Then, the angular velocity can be calculated as $\bf \omega = -\dot \phi \sin \theta \bf e_x + \dot \theta \bf e_y + n \bf e_z$ where $n = \dot \psi + \dot \phi \cos \theta$ is the component of $\bf \omega$ about $\bf e_z$ — i.e. the spin.

Now, the equations of motion can be expressed as generalized force moments as:

$Q_x = -\mu R_n (\dot x - \sin \phi \dot \theta (R - \epsilon \cos \theta) + \cos \phi \sin \theta (R \dot \psi + \epsilon \dot \phi))$

$Q_y = -\mu R_n (\dot y + \cos \phi \dot \theta (R - \epsilon \cos \theta) + \sin \phi \sin \theta (R \dot \psi + \epsilon \dot \phi))$

$Q_\theta = -\mu R_n (R - \epsilon \cos \theta)(\cos \phi \dot y - \sin \phi \dot x + (R - \epsilon \cos \theta) \dot \theta)$

$Q_\phi = -\mu R_n \epsilon \sin \theta(\cos \phi \dot x - \sin \phi \dot y + \sin \theta (\epsilon \dot \phi + R \dot \psi))$

$Q_\psi = -\mu R_n R \sin \theta(\cos \phi \dot x - \sin \phi \dot y + \sin \theta (\epsilon \dot \phi + R \dot \psi))$

(from Ciccio and Langerock, 2007)

Ciccio and Langerock go on to use the so-called *Jellet constant*, defined as $J = -\bf L \cdot \bf q = constant$, which, to some extent controls the motion of the spinning top. The Jellet constant is calculated to be:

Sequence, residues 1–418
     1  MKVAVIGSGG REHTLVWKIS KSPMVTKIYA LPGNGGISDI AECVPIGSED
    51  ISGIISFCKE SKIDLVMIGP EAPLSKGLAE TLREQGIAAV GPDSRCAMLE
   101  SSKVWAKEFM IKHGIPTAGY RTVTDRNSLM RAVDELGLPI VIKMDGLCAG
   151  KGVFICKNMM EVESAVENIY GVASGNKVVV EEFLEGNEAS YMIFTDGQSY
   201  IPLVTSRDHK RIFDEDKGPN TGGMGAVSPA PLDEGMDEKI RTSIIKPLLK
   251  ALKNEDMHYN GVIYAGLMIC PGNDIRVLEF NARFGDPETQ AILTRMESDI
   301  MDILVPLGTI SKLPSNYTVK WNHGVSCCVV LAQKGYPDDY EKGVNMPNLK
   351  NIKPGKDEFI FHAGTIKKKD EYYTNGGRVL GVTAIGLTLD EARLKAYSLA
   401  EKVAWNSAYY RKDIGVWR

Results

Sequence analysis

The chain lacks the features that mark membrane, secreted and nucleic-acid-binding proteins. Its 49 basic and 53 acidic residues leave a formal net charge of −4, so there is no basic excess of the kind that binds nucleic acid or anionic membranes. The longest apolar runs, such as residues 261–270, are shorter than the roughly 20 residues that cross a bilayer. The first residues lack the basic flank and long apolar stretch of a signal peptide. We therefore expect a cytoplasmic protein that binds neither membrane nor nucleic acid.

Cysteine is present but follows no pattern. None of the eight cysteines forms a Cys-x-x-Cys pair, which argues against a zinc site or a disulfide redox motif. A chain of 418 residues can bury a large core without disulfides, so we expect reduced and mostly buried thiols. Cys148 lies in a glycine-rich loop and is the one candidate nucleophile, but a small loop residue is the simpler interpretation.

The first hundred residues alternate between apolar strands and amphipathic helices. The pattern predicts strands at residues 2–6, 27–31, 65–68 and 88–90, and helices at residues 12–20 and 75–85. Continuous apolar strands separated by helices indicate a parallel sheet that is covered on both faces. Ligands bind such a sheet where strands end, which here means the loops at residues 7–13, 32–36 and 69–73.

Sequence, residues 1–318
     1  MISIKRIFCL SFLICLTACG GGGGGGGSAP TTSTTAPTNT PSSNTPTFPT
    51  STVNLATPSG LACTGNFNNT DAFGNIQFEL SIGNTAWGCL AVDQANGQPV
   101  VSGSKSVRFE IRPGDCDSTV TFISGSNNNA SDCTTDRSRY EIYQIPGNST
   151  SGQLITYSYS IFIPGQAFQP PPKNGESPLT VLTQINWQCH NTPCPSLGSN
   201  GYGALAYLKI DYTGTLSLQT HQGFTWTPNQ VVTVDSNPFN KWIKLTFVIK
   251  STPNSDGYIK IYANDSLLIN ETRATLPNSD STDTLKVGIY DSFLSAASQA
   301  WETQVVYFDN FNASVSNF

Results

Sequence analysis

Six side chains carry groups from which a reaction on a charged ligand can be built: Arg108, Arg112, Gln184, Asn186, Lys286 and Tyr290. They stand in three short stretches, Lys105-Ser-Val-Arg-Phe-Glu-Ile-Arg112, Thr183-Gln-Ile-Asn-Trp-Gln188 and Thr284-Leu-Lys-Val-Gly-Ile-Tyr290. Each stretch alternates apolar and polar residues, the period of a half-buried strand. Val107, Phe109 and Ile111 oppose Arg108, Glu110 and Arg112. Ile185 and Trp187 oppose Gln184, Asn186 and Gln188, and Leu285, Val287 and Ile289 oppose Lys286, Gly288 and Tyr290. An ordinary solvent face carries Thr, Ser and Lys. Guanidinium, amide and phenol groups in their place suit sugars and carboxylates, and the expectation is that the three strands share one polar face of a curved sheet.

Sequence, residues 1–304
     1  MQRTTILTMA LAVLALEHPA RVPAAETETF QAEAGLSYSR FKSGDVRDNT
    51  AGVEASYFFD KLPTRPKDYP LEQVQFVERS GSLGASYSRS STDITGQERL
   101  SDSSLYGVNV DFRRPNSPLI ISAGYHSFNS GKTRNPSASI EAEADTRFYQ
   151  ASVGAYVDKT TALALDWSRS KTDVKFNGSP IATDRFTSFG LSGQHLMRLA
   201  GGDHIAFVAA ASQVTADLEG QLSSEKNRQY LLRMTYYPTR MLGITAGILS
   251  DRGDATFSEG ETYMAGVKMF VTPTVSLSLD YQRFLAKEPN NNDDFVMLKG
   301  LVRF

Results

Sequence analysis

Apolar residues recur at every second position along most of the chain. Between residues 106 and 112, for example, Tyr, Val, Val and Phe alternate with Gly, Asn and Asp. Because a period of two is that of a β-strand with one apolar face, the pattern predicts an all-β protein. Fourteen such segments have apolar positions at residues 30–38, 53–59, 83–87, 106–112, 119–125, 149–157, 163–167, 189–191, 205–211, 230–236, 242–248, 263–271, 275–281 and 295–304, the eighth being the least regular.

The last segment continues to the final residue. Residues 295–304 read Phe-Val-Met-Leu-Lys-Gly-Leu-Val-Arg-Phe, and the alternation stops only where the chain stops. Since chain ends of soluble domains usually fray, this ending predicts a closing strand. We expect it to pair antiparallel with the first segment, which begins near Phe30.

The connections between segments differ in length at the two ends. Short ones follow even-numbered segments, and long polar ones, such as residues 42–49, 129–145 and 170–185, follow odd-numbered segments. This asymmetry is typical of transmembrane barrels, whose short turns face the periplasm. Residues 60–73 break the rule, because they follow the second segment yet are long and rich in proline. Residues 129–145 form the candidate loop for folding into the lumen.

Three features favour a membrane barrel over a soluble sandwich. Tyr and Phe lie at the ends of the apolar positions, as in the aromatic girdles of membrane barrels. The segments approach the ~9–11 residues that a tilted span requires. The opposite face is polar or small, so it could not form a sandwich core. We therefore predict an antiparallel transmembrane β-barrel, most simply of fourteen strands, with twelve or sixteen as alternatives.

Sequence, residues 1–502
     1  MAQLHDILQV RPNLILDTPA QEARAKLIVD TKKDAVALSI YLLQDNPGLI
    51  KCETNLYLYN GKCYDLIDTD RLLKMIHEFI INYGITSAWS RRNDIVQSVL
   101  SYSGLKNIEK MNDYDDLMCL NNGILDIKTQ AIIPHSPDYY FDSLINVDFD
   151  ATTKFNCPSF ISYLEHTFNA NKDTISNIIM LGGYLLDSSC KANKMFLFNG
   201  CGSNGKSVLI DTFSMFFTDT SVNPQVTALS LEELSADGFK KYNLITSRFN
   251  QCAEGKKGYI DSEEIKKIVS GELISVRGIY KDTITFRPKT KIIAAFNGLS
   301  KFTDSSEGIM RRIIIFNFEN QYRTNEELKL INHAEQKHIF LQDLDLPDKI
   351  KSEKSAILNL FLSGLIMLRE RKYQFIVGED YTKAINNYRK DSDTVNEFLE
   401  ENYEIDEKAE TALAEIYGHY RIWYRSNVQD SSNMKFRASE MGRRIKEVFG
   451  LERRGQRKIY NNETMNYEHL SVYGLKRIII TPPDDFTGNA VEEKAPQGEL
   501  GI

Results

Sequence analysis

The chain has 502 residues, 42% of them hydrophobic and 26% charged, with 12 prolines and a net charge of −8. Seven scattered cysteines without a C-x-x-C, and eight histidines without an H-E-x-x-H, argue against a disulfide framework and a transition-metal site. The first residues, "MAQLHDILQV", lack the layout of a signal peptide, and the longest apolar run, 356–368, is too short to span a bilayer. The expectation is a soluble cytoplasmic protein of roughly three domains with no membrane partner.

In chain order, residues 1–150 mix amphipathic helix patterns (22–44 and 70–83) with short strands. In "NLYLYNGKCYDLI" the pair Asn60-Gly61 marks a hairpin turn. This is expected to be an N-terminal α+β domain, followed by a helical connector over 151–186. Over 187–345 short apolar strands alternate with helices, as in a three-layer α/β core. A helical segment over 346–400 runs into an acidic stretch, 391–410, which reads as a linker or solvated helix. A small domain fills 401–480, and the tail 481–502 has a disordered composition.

$J = C n (R \cos \theta - \epsilon) + A \dot \phi R \sin^2 \theta$

Then, using Routhian reduction — by assumming a simplified approximation of the friction law — the authors proceed to perform stability analysis on the system. It is not the purpose of this overview to focus on these procedures. It should suffice to merely report the stability findings:

*In the approximation of negligible transitional effects, a spinning eccentric sphere on an horizontal (perfectly hard) surface subject to a sliding friction is reducible with a Routhian reduction procedure. The relative equilibria of the reduced system are precisely the steady states of the original system. They are purely rolling solutions and except for the trivial state of rest, they are of three types:*

*(i) (non-inverted) vertically spinning top with center of mass straight below the geometric center;*

*(ii) (inverted) vertically spinning top with center of mass straight above the geometric center;*

*(iii) intermediate spinning top, the top precesses about a vertical while spinning about its axle and rolling over the plane without giding.*